Zones are likely to have a technical implementation, but it is at least as important that the change of rules is matched by a change of behaviour by authorised individuals working “inside” the security zone. For example, technology cannot prevent someone talking about what they have seen on a computer screen or taking home a paper document. Only the understanding of the individual that they are in a specially protected zone and must behave appropriately can protect the information and systems it contains. Maintaining this discipline may be particularly hard when different security zones can be accessed from the same place: having to go to a different (locked) location may actually be a useful subconscious reminder that different rules apply here. Computer interfaces should aim to provide similar instinctive cues, without making use unreasonably inconvenient. Above all, individuals need to feel that security zones exist for their own benefit – to protect their data, contract, research or career – and are not imposed arbitrarily by the organisation.


A wide range of technical tools is already used in universities to protect sensitive information. However, these can only be effective if accompanied by suitable policies, awareness and behaviour. There is little point in protecting information on computers if users then read it or disclose it in mobile phone calls in public places. Indeed, technical protection that information users perceive as unnecessary can increase the risks to information, by encouraging users to implement ‘work-arounds’ such as putting information on portable devices, home computers or consumer cloud services.

Physical separation: some information may be so sensitive that it can only be processed in physically secure locations. Secure data centres, locked machine room cabinets and offices only accessible to authorised users are all possible options. However, they must be accompanied by matching restrictions on access to those locations by guests and cleaners, and restrictions on the transfer of information and equipment into and out of secure areas.

VLANs, ACLs & Firewalls: network configurations can be an effective way to create technical security zones. Placing computers in the same zone into their own Virtual LAN (VLAN) prevents others seeing their network traffic; router ACLs can then be used to allow simple traffic to flow between VLANs with firewalls providing more advanced traffic management features.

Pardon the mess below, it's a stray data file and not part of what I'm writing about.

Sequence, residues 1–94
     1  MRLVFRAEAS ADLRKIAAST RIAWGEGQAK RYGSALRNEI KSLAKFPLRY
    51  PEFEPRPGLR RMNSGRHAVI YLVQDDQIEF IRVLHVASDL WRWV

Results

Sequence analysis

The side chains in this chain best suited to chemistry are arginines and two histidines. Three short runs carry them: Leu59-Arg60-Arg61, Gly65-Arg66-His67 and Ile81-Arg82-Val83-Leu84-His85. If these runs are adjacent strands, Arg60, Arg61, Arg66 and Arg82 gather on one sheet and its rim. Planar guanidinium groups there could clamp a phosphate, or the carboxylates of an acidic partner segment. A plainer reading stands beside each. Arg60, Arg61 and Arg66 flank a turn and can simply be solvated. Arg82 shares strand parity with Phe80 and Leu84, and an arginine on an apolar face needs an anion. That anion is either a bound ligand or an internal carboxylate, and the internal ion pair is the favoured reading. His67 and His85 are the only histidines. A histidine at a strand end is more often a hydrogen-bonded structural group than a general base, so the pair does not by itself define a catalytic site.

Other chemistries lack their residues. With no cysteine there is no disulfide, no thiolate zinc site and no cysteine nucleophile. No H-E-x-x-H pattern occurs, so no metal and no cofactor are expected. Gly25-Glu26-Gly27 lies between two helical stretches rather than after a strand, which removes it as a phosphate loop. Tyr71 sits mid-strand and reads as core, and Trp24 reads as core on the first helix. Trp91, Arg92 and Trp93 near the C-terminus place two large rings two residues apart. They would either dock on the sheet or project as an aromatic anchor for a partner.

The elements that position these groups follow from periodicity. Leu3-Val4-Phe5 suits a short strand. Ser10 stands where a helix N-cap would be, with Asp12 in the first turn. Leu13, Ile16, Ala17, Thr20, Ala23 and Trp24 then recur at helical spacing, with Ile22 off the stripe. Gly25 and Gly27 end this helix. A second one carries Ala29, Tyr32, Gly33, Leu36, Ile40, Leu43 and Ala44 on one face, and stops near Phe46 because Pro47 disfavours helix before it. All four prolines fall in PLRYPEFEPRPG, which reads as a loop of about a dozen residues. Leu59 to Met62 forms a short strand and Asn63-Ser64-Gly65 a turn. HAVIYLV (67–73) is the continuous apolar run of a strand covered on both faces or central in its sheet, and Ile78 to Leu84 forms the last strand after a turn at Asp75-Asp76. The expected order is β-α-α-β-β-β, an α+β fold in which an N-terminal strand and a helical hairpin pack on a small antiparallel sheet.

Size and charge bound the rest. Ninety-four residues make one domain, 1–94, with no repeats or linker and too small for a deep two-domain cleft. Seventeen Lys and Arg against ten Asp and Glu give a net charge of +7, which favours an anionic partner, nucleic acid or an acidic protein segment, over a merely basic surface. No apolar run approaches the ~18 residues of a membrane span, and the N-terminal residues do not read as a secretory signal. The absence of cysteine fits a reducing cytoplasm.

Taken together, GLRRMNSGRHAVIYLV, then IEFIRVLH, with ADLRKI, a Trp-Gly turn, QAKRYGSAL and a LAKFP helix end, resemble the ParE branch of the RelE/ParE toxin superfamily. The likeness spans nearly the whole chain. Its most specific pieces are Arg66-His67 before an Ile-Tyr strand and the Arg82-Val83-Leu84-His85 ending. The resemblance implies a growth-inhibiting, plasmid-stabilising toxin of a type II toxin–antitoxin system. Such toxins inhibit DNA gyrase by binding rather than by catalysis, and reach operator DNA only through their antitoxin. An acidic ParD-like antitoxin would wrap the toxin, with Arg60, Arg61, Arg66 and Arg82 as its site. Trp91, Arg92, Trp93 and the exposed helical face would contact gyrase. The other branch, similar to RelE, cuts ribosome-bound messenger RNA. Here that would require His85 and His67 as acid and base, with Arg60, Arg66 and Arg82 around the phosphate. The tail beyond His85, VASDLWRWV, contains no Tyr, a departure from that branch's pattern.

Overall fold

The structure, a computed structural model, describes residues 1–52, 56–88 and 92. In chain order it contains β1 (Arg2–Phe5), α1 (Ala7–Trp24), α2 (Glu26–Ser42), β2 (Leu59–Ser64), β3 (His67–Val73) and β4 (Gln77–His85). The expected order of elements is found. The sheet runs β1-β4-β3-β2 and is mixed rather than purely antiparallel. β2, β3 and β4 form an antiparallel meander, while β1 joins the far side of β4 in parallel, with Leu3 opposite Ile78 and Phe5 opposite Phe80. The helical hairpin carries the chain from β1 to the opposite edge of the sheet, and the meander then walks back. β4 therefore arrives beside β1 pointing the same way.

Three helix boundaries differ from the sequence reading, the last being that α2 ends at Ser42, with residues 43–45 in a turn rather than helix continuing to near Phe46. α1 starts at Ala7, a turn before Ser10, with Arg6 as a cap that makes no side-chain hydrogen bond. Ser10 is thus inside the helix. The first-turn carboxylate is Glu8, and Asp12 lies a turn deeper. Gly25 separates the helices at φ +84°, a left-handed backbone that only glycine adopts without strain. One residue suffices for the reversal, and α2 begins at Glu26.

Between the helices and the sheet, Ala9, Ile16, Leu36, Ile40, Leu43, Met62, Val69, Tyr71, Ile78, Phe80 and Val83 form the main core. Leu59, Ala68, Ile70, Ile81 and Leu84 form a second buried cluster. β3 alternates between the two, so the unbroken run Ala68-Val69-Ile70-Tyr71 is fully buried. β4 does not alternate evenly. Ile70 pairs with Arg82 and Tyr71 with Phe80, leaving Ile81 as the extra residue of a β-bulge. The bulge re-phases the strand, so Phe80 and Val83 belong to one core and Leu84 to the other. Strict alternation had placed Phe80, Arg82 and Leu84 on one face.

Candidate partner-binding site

Encrypted VPNs: if the computers in a security zone are in different locations then encrypted Virtual Private Networks (VPNs) can be used to carry traffic between separated parts of the zone across untrusted networks. For example if servers are placed in a remote data centre an encrypted VPN can connect them to PCs in a local security zone.

Virtualisation: virtualised servers can be much easier to create and securely destroy than physical ones, and standard secure configurations can be stored and reused. Although there have been concerns in the past about the possibility of information leaking between virtual servers, technical measures to prevent this seem sufficient to satisfy many security requirements.

Device configuration management: as with servers, standard secure configurations for client devices (PCs, laptops or mobile) may be required in secure zones. Universities often use device management for open-access terminal rooms and standard desktops. For secure zones the processes for testing and adding new software need to be sufficiently fast to deal with new user requirements. The IEEE 802.1X protocol can be used on both wireless and wired connections to place devices into appropriate zones based on their type (e.g. laptop, smartphone, printer), status (e.g. systems without up to date patches and anti-virus can be temporarily assigned to a quarantine network until they have updated themselves), or who is logged in. For mobile devices this can be combined with automated wireless network configuration.

Portable device encryption: portable devices (including USB drives, smartphones and laptops) risk being lost or stolen, and need to protect the information and access credentials they may contain. Encryption of these devices should be regarded as normal, as indicated by the monetary penalties being levied by the Information Commissioner on organisations that lose unencrypted laptops.